How to Be a Chef: Five Keys to Kitchen (and Business) Survival From Dominique Ansel

The creator of the 'Cronut' opens up on learning so much more than simply 'how to cook'

Dominique Ansel
Dominique Ansel takes an #Anselfie at an Observer event in December 2014. (Photo: Ken Kurson)

There was never a moment when I actually decided I wanted to be a chef. No illuminating calling or deep self-discovery. Growing up in one of the poorest neighborhoods of France, I was just trying to find a job and earn some income for the family. A “For Hire” sign in a small restaurant passed my view one unspectacular day and I landed my first job in the kitchen. But ever since then, it has been a profession that’s become my life. You don’t work as a chef, you are a chef.

Every year, a new group of fresh converts take on the same journey I did more than 20 years ago. And if it’s of any help in making that road a little less rocky for you than it was for many of us, I hope these five small lessons I’ve collected over the years can help:

Forget work and life balance.

Relax…it’s not as dire as it seems. The food world is all encompassing; the hours are intense. It’s impossible to separate work and play. But if you find enjoyment in your daily work, then it no longer just work but also something you take pleasure in. I’ve always thought it was unhealthy to think that life begins when you’re off the clock. Learn to consciously make the most if time at work and out of work. Your job doesn’t have to be a sacrifice; it can very much be a form of satisfaction.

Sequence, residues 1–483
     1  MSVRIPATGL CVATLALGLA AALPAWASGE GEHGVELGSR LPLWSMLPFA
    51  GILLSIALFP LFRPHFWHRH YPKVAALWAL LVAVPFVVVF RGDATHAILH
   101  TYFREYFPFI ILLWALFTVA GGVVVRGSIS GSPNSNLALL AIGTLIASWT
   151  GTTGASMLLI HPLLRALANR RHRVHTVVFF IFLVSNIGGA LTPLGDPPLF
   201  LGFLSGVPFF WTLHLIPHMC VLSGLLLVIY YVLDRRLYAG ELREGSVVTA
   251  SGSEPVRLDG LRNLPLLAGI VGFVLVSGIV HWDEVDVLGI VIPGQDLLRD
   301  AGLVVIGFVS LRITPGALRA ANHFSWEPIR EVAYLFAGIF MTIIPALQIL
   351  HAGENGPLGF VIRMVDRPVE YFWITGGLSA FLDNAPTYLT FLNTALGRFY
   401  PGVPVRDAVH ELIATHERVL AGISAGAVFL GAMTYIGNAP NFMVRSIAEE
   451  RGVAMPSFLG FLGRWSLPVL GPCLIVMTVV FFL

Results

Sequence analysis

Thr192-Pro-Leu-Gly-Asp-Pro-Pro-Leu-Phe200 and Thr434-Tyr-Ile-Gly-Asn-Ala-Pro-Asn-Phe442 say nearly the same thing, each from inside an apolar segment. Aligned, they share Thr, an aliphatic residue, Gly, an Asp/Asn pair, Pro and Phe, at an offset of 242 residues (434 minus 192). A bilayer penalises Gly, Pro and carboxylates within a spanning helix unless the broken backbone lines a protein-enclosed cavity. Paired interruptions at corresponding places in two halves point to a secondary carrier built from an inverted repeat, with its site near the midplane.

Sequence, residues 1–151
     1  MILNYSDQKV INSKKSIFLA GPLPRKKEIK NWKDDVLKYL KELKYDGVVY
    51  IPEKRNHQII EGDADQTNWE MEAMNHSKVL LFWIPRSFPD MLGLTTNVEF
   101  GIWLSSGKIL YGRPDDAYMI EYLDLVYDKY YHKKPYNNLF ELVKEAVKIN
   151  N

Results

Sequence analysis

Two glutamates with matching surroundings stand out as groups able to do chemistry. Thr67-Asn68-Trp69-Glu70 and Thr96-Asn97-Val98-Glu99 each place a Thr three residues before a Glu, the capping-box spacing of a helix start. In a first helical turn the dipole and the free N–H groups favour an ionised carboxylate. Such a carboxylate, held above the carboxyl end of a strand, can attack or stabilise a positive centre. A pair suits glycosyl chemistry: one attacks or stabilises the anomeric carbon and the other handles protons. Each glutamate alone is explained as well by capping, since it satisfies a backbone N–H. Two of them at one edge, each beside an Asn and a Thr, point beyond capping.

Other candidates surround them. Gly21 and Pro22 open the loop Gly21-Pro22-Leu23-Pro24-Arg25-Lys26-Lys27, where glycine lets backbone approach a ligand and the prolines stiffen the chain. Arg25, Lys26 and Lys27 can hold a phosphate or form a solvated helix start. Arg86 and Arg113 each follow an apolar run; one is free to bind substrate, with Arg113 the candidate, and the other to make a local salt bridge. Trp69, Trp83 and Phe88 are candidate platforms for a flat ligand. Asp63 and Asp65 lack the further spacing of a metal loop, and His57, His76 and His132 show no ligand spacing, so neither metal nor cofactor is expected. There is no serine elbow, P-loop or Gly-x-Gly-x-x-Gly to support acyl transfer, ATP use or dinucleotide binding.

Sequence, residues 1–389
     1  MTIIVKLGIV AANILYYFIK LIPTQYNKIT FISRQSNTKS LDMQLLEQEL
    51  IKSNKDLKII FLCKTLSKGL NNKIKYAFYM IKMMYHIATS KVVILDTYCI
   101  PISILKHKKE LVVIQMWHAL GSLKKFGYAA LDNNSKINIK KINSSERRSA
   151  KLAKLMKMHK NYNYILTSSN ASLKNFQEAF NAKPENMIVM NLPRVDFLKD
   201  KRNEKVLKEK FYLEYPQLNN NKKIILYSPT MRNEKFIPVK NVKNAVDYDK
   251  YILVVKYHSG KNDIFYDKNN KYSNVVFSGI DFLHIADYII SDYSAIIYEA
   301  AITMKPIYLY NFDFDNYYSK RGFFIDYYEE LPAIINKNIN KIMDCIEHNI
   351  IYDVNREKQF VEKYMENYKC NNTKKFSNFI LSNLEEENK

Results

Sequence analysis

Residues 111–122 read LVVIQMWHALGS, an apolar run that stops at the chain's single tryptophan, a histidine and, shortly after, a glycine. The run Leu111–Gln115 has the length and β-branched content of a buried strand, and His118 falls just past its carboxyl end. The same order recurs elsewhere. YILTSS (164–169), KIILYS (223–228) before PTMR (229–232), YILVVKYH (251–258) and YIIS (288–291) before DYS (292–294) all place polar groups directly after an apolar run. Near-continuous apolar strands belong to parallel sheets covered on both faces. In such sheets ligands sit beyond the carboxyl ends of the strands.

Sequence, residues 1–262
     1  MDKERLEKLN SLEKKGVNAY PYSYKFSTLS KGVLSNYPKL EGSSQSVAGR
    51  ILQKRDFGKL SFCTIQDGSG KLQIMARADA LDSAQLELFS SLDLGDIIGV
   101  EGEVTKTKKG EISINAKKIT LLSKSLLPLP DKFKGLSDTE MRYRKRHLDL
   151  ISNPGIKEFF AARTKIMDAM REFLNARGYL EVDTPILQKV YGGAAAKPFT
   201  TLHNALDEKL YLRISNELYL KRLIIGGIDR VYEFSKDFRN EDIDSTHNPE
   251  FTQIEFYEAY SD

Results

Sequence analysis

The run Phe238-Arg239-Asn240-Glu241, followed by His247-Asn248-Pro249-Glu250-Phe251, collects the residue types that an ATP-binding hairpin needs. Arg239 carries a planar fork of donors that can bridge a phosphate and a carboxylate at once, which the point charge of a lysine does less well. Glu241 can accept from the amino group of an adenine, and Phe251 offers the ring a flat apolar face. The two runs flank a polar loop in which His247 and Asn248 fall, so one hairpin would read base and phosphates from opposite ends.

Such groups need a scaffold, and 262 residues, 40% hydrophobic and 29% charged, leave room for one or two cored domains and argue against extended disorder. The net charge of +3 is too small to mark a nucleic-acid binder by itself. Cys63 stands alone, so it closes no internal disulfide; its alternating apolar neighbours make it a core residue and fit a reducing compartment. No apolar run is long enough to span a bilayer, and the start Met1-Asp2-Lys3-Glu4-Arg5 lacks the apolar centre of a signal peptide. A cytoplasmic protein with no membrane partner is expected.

I always say: don’t cook like a chef, cook like a mom.

It’s not about you.

Chefs adore food, and we’re opinionated about what we like and don’t like to eat. Never forget that the menus are created for the guests and not the chef. I always say: don’t cook like a chef, cook like a mom. When it comes time to make something special for dinner, moms know what their kids and husbands love—and they cook for their family, not themselves. Have love and respect for people that enjoy your food, and let their tastes and preferences trump your own.

Circles, not lines.

True growth in the food industry isn’t linear. It’s cyclical. Think about it—every season you have to throw away of your old menu and begin at the bottom. Look at it positively. It’s this constant creation and re-creation that gives you freedom to start fresh and keeps you on your toes.

Welcome criticism.

Don’t get me wrong, I’ve had some critiques that I didn’t agree with and many that stung because I saw the veracity behind it. The key is in not ever being too insecure to hear them. Whether you believe they’re right or wrong is a different story. There is one truth and it’s that things can always be better. Use every criticism as fuel toward that goal.

Be the cheerleader, not just the captain.

I was trained the old-fashioned way, with bullying and intimidation. Many days I walked to work with a knot in my stomach. That’s not the way I run my kitchens. At the end of the day, it’s a team and not an individual effort. But rather than just lead, I’ve learned that you also need to cheer your team on. The spirit of a kitchen is a reflection of the chef.

It’s a work in progress—there will be dropouts, somewhere between working as a cook and truly becoming a chef—but I’m forever grateful that I stumbled upon this profession that is a lifestyle. And I hope it will make your life as fulfilling as it has for me. Here’s to learning so much more than just how to cook.

Chef Dominique Ansel is the chef/owner of the celebrated Dominique Ansel Bakery, which opened in Soho in November 2011, and Dominique Ansel Kitchen, his made-to-order bakery that launched in the West Village in April 2015. His first shop outside of the U.S. opened in June 2015 in Tokyo’s Omotesando neighborhood. That same month, Chef Dominique was bestowed the prestigious Ordre du Mérite Agricole award, one of the highest honors in France, for his dedicated to promotion French cuisine and culture.

How to Be a Chef: Five Keys to Kitchen (and Business) Survival From Dominique Ansel